A draft policy on operating pilot-less low flying objects will come up next month to ensure security in country's air space, Union Home Secretary Rajiv Mehrishi said on Wednesday.
Mehrishi also said security forces should exercise maximum precautions while using China-made gadgets in sensitive installations.
"We are working on a draft Drone Act, which will focus on regulating the use of drones and similar low flying objects instead of putting a total ban. It should come out in public domain by September after which comments will be taken from stakeholders," he said here.
Asked about action against "erring" NGOs, during his two-year tenure which comes to an end tomorrow, the home secretary said there is a law (Foreign Contribution Regulations Act), which has to be complied with by everyone.
"Merely because it was not looked into earlier, does not mean that those not following law can take foreign funding illegally," he said.
When asked whether there was "pressure" from the US after an American NGO, Compassion India, was put on "prior- permission" category by the home ministry last year for alleged violation of law, Mehrishi said "pressure" was a very strong word, but "yes, the US had asked us to look into it".
Commenting on Pakistan, the home secretary said the country is a "rogue state, a terror state" and everyone will realise it slowly.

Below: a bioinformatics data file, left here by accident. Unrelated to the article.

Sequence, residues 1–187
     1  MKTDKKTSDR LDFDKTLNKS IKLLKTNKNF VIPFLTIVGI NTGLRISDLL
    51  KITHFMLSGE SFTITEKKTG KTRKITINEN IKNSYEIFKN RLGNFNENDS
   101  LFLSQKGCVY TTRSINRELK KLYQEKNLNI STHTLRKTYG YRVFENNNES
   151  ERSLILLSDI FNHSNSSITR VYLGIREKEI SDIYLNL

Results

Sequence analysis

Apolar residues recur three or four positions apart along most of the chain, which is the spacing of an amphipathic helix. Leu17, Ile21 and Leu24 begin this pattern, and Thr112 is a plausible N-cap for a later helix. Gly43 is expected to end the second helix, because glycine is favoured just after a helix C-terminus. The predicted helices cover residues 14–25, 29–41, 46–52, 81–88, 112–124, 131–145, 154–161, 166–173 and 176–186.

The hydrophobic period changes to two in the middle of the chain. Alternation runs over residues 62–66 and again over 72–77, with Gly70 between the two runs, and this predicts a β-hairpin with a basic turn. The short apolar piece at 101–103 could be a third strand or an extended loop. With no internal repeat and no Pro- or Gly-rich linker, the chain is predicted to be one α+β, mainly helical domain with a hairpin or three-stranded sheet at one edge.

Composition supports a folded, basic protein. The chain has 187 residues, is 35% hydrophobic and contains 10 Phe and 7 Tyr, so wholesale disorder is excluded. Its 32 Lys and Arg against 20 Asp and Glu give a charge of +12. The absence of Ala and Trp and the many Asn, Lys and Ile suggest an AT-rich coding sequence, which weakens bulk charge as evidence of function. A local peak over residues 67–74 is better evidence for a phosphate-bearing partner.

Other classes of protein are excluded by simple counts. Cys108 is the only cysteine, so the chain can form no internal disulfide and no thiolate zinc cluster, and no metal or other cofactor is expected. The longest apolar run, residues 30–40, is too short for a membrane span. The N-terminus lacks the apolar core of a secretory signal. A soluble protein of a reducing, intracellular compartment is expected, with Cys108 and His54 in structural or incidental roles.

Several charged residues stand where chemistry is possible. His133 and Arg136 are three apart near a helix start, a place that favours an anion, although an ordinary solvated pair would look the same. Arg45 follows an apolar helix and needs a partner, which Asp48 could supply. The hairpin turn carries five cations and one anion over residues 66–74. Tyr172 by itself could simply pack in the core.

Asked about the possibility of hacking or leak of government data or information through the use of Chinese equipment or technology by security forces, Mehrishi said that such problems happen with a lot of countries but "we need to be more cautious about the use of Chinese technology and equipment.
Commenting on the threat of Middle-East terror group ISIS in India, the home secretary said the group is a threat but response by Indians to their call has been lukewarm.
Referring to the porous Indo-Myanmar border, Mehrishi said
there is a need to have border outposts (BoPs) on that border and have border checking.
"Presently we don't have border checking there. There is free regime under which people living along the border can travel up to some distance without any travel documents. But it does not mean that we can have an open border there," he said.